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Detailing Scale Rotary Engines

Detailing Scale Rotary Engines

In a recent issue of MAN, long time contributor and Scale expert Martin Irvine showed us how he paints scale markings using vinyl painting masks (December 2020 issue), but he hasn’t stopped working on his 1/3 scale Thomas Morse S4B “Tommy”. His next step was filling out the engine cowling with a scale rotary engine to cover up his RC engine installation. Here’s what he’s done so far.

As the base for this project, I used a molded fiberglass engine available from Balsa USA. This generic 9-cylinder rotary, most closely represents a Clerget. So to duplicate the LeRhone used in the Tommy, it will require some modifying, especially for an 80hp version with its front intakes. I chose to do a Gnome 100hp Monosoupape.

The first production Tommys used the Gnome but they were usually swapped out after a while, as the LeRhone was a smoother, more reliable and easier to use.  I’ve done a LeRhone or two, but never a Gnome, so it is a fun challenge.

Here is the original, from the net.

And here is the Williams Bros. drawing I am using as a reference.

So, first off was removing the forward dome of the Balsa USA moulding. I then added a bolted on flange for the cam housing.

Here it is with the dome just placed on to give an idea of what the basic engine looks like from BUSA.  (Note that I managed to scuff up some of the fins with an over enthusiastic application of the sander.) So here is the basic ring glued to the moulding.

Then I cut a length of plumbing pipe and squared off the ends.  This was going to be shorter than scale as the scale location is further back than my engine will allow.

I used a strip of tape divided into 9 for the pushrod holes with fore and aft spacing from the drawing.

Holes are drilled for the pushrods, and other rings made from plywood and basswood.  Holes are for assembly nuts and bolts, spaced according to the drawing.

And here is the whole thing glued and primed.  Next is to fit it to the cowling and start trimming cooling holes.


Here, I have the Gnome engine mounted.  In the past, I usually mounted the fake engine in the cowling, but it makes spacing and centering a royal pain.

I used 4 X 3 inch stand-offs and the whole thing was (relatively) simple. I was limited in how far back I could mount it. There is a compromise between where it should be for scale, (quite far back), and how much of the fake engine I wanted to cut away. Also, the pick-up on the DA is pretty big, (why?) so any further back would need a cutout in the Gnome. The mufflers will be painted with a heat resistant flat black.  The engine cylinders will remain unpainted.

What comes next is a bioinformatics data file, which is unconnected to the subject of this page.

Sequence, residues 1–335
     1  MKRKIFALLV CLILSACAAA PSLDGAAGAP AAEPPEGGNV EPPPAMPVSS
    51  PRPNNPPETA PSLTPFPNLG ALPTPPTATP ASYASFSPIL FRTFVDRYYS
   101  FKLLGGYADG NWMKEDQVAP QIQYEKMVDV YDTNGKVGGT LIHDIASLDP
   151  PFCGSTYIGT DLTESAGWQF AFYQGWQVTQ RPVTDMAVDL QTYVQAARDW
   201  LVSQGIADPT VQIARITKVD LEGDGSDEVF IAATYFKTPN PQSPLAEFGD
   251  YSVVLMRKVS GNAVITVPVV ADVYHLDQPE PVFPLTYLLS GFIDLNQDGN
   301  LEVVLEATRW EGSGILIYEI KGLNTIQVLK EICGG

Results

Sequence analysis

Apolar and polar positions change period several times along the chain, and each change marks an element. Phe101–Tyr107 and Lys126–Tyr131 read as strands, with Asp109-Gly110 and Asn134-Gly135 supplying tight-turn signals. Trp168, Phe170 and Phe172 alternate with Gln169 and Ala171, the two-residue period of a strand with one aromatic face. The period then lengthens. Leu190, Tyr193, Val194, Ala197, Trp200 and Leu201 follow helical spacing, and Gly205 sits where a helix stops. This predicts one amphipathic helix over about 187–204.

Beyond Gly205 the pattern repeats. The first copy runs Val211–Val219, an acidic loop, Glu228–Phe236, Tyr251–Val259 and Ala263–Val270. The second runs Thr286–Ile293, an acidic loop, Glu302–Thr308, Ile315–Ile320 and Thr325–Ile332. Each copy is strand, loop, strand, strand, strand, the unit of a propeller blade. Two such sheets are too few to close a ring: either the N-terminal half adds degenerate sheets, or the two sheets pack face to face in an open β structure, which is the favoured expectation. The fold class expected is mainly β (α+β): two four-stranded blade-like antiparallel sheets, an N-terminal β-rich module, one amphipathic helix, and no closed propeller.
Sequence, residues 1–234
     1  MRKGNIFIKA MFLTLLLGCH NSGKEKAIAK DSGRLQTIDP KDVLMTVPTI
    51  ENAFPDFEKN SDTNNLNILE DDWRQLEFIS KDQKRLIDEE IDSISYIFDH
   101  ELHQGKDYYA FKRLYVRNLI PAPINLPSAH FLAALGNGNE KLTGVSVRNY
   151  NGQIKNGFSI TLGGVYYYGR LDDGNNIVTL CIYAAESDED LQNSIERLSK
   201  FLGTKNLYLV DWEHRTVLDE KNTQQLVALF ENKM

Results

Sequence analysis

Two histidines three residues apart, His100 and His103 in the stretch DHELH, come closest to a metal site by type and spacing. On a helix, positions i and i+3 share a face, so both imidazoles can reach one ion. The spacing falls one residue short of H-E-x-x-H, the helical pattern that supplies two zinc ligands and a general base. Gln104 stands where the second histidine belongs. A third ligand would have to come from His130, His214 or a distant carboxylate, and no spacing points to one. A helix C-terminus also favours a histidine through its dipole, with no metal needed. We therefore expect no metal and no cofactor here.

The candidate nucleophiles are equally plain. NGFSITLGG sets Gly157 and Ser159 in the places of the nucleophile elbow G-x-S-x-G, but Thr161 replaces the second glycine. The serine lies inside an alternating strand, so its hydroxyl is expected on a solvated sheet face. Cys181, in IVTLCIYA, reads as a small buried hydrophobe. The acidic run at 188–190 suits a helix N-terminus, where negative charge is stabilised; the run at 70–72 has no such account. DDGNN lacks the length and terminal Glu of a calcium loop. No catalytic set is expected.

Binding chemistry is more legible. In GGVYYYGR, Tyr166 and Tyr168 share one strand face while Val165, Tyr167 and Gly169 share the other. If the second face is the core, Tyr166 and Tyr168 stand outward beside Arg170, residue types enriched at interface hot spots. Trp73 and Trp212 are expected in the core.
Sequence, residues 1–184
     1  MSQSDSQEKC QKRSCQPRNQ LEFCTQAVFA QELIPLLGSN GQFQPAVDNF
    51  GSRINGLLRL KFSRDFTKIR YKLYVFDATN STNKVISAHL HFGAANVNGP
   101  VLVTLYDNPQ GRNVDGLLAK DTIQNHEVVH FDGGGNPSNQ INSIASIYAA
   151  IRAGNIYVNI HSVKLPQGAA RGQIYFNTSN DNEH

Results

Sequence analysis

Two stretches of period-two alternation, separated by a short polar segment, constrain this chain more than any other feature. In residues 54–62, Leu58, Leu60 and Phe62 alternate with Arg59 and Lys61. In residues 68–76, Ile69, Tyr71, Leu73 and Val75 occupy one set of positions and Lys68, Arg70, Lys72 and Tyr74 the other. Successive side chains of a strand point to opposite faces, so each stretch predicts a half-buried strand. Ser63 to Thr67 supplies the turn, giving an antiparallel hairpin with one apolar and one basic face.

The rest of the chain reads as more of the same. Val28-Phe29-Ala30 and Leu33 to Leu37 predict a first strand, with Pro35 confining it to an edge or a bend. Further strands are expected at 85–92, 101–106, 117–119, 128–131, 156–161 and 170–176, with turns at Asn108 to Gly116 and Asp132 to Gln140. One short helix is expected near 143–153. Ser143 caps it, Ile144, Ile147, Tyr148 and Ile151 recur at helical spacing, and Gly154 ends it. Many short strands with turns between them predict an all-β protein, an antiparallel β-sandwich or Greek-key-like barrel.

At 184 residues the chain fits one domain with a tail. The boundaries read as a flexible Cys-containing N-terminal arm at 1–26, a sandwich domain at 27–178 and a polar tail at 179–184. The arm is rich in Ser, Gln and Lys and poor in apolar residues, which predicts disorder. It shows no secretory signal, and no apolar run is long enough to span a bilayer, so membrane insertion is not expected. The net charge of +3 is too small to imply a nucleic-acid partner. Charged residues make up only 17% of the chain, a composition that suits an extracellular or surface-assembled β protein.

You can see how much of the engine is covered by the cowling.

There are three cylinder heads that are visible – the two bottom ones and the third through the exhaust venting hole on the side of the cowl. I cut the tops of the 3 glass cylinders in question and added the Gnome cooling fins from 1/32″ ply and .040 basswood (for the spacers).

The rocker arms are from 1/8″ basswood with brass eyelets for spacers, mounted in the sheet aluminum mount.  The spring is wound household wire with a washer on top, held in place with a 6-32 bolt holding it all together.  The head on the bolt was ground down to a minimum.

The pushrod is 1/8″ spring steel with a Dubro rigging end, (much drilled and ground away).

The pushrods slide into the eyelets in the main crankcase . The various sized nuts and bolts are just epoxied in. Surprisingly, I spent about 2 hours on them!  I kept looking at how I was doing it and wondering why it was taking so long. Anyway, I’m happy with the results.

For the 6 pushrods for which I don’t need a valve system, I used a 4-40 bolt and a wheel collar to give me an adjustable end. Here it is on the plane.

And with the cowling.

And here is the exhaust vent.  The cylinder is too far forward for scale, as is the whole engine, but that is because of the model engine. Still, I’m happy to have something visible.

The seam is due to having to replace a portion of the cylinder after having cut it away for mounting, and then changing the mount and needing to do a repair.

The engine is dirtied up and aged. I started with a wash of black with the cooling fins wiped clean afterwards. Then a wash with burnt umber, and another with brown, wiping each with a paper towel to leave just a bit of muck around the nuts and bolts.Then a coat of yellow varnish to approximate oil, with the majority on the crankcase dabbed off, while the lower cylinder heads got some extra as that’s where the castor oil accumulates.
Then the baffle areas were painted flat black and the pushrods glued in wth JB Weld. I also gave all the bolts on the inside a coat of JB Weld.

The overall effect is pretty muted, but I can add some more if needed, (easier than removing it if too much.)


Text and Photos by Martin Irvine, courtesy of RCScaleBuilder.com

Updated: September 29, 2020 — 5:37 PM

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